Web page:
Could you deliver a solution to the television-recycling problem?

As more and more households upgrade their old TVs to the newer flat panels, a troubling question must be asked:  What happens to the old ones?   Over the next few years, an estimated one billion pounds of discarded TVs and monitors are anticipated to hit the waste stream.

Recycling seems like the easy answer, but, as usual, the reality is more complicated than that.

To start with, in order for a product to be recycled, there has to be a market for the recycled material.  In the case of old TVs, a large component of that material is cathode ray tube glass, or CRT.  Up until recently, CRT glass was recycled into new CRT glass, but the market has virtually dried up as electronics makers phase out old model TVs.

Additionally, recycling CRT is tricky because, like many electronics, it contains toxic chemicals—in this case lead, a dangerous neurotoxin.  Recycling facilities have to ensure that workers aren’t exposed to lead and that lead is not released into the environment.  And because of this high lead content, CRT glass isn’t suitable for most recycled glass products.

This leaves recyclers and state regulators in a conundrum.  Recyclers can’t continue to stockpile these TVs and monitors indefinitely.  And while many states have bans on sending these units to landfill, California is now considering removing this ban to allow CRT glass to be sent to landfills that are designated for hazardous waste.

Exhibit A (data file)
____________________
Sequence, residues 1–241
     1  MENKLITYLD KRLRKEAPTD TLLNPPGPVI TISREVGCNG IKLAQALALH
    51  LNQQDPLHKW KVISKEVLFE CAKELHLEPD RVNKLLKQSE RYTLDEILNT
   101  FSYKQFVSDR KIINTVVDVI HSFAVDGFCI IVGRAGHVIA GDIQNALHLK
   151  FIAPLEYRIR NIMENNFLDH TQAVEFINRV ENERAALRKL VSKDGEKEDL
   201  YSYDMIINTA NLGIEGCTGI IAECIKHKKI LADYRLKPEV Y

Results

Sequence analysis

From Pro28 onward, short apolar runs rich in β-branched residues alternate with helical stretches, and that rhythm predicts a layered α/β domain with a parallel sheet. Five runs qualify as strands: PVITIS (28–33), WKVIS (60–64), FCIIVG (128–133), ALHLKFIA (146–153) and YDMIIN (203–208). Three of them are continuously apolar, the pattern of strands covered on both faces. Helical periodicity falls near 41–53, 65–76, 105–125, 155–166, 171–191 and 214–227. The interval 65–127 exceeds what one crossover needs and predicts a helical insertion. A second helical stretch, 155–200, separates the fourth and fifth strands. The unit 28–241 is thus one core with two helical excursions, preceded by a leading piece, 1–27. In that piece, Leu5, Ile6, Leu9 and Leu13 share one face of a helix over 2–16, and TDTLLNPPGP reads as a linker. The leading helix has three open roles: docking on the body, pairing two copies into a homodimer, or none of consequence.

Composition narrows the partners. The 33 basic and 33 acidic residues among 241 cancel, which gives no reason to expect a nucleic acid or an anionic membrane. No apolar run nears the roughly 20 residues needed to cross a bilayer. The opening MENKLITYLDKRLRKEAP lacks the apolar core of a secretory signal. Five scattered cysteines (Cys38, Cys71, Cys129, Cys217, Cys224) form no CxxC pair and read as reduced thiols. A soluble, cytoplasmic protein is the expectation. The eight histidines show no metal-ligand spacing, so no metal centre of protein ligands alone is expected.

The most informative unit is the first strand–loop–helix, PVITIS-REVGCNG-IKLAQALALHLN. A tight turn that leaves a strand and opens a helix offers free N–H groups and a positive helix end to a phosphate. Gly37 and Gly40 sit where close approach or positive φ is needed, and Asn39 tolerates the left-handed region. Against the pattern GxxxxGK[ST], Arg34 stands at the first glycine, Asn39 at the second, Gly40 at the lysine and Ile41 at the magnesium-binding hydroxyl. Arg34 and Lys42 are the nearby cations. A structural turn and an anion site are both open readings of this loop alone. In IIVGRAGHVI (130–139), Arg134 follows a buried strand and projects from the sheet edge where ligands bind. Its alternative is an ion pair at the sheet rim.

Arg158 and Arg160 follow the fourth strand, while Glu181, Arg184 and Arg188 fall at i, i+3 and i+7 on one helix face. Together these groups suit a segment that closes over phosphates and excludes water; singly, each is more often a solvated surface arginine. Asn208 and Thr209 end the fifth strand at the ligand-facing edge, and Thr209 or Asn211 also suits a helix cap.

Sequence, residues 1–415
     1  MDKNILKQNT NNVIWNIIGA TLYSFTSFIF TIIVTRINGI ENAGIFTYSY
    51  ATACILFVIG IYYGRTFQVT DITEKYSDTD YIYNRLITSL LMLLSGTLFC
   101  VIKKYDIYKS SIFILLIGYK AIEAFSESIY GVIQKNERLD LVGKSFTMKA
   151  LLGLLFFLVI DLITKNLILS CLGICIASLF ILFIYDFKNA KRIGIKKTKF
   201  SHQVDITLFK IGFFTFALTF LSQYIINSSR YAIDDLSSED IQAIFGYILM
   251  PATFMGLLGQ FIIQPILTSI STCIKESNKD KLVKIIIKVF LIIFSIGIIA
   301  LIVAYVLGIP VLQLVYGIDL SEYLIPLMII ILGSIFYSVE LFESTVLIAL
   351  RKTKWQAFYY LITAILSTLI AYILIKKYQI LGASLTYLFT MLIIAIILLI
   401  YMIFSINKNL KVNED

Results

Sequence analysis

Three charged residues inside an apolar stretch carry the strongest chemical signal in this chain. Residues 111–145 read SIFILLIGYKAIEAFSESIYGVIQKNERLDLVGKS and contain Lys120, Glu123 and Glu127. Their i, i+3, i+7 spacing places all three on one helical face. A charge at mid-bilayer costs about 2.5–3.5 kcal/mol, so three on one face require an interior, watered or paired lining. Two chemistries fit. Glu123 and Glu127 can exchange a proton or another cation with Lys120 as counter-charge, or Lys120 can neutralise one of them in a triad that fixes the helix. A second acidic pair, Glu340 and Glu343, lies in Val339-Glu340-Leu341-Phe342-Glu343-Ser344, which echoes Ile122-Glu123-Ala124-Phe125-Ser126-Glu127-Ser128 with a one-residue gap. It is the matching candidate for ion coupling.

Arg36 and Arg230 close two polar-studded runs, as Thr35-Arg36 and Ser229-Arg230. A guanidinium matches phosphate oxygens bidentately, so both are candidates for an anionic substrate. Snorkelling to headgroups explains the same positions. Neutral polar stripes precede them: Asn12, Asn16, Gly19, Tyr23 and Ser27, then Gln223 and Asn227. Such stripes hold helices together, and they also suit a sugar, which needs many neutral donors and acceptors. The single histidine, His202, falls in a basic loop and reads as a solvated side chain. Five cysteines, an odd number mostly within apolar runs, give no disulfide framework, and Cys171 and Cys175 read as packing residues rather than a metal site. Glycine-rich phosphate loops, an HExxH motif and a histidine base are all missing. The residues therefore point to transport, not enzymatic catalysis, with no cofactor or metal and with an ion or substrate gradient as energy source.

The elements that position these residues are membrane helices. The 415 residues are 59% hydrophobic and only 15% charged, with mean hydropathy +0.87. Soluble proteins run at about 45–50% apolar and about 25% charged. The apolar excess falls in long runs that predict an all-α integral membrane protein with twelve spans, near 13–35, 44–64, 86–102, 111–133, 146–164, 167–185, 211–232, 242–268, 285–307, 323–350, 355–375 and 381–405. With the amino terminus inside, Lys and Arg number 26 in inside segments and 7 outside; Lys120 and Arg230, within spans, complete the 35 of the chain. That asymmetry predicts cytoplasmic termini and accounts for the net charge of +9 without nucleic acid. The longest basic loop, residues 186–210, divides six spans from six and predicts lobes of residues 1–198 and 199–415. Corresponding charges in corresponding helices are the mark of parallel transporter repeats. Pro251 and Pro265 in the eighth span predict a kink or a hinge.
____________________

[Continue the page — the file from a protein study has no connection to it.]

But is there a better alternative to land-filling?  Could a new financially viable market for recycled CRT glass be developed, one that has the potential to create net benefits for human health and the environment?

And that’s where the Eco-Challenge Series, Environmental Defense Fund’s (EDF) crowd-sourcing competition on, comes into play.  The Consumer Electronics Association (CEA), the trade group of promoting the U.S. consumer electronics industry, has just launched “The Cathode Ray Tube Challenge: New Uses for Recycled Glass.”  This is an “ideation” challenge that is looking for new, out-the-box ideas for reusing CRT.

Over the next 30 days, InnoCentive global community of “Solvers”—scientists, inventors and entrepreneurs in more than 200 countries—will have the opportunity to propose new ideas.  The winning solution will be assessed for economic as well as environmental and health benefits, and awarded $5,000 provided by CEA. Up to four additional solutions are eligible for awards of $1,000 or more.

We expect that the ideas selected will require further study and testing, but who knows?  Maybe a viable solution is just around the corner.  We’ll report back when the results are announced in early 2012.

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